Pinewood Malaysia CEO Rezal Rahman spoke to Screen during the Asia TV Forum & Market.

marco polo

Pinewood Iskandar Malaysia Studios has its sight trained on China after hosting its first Chinese shoot, Lost in the Pacific, earlier this year.

“Malaysian production costs are significantly cheaper than China even without the 30% cash rebates, which only sweeten the deal further,” CEO Rezal Rahman told Screen during the Asia TV Forum & Market (ATF) in Singapore. 

Directed by Vincent Zhou and starring Brandon Routh and Zhang Yuqi, the English-language 3D sci-fi adventure from China spent 40 days filming at the Malaysian facility and the surrounding areas.

Several aircraft interiors, including the cockpit, and the interior of a ship were constructed in the stages, in addition to sets built on location. Atonement art director Ian Bailie is responsible for the set design and construction.

Rahman aims to lure more Chinese productions to Pinewood Malaysia. “With a 30% ethnic Chinese population, we are culturally compatible. We’ve Chinese-speaking crew and local Chinese talents and extras, as well as Chinese food,” he said. “For joint Chinese-Western productions, the English-speaking population and modern amenities enable Western crew to settle in easily.”

Pinewood Malaysia’s two TV studios, each with a 1,200 sqm capacity, are now fully operational since early this year. Its first TV show was Asia’s Got Talent which filmed its judges’ audition there over eight days, while Malaysia’s broadcaster Astro is committed to use the TV studios for 13,500 production hours over five years.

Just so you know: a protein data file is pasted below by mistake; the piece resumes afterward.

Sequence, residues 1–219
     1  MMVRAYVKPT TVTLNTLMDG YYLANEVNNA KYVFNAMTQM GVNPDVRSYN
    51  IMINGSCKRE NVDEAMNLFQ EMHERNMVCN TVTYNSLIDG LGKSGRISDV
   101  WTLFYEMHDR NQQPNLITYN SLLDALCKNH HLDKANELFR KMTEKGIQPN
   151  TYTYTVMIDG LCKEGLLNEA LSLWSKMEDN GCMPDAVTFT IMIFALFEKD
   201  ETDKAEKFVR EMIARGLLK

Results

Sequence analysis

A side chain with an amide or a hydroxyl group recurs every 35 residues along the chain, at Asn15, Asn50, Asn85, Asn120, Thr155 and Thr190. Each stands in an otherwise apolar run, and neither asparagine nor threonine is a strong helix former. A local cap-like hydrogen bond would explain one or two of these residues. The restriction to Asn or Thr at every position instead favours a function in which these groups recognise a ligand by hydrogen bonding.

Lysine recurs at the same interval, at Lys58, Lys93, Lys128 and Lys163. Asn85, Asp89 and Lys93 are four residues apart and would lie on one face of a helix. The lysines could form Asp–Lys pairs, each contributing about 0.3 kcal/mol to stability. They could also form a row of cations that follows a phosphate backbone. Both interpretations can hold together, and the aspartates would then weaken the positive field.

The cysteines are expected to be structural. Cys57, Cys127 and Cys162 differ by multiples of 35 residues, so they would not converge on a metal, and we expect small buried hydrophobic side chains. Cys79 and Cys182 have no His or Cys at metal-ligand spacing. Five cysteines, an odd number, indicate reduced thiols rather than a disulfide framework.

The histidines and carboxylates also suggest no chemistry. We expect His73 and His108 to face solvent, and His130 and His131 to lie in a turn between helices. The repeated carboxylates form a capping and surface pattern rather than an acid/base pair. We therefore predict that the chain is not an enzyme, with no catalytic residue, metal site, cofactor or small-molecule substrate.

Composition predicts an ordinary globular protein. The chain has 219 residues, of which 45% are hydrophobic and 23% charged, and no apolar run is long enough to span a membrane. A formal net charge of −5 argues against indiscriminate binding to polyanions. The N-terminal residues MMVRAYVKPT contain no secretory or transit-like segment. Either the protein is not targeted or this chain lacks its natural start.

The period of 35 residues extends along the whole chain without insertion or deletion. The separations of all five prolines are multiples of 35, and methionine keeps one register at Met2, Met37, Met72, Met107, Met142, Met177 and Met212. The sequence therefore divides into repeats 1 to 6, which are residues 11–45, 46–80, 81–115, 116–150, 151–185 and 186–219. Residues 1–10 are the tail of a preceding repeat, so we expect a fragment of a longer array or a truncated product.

Season 2 of Netflix’s Marco Polo TV series is due to wrap next week after shooting for more than three months at the facility and its surrounding areas. 

The state-of-the-art production facility also features 10,000 sqm of stages, three two-hectare backlots and unique water filming facilities, including a deep water tank and a large 65m x 65m green screen tank. It also provides additional services for productions through its tenants on the lot such as Japanese post-production company Imagica and Red Circle for set construction.

Pinewood Malaysia is located across the causeway from neighbouring Singapore in the southern Malaysia state of Johor, where a good variety of locations are available.

Film Johor was incorporated in February last year as Malaysia’s first film commission. It was set up when Pinewood Malaysia highlighted to the Iskandar Regional Development Authority (IRDA) the need to facilitate productions with local authorities such as the police and municipalities as well as providing access to public property and locations.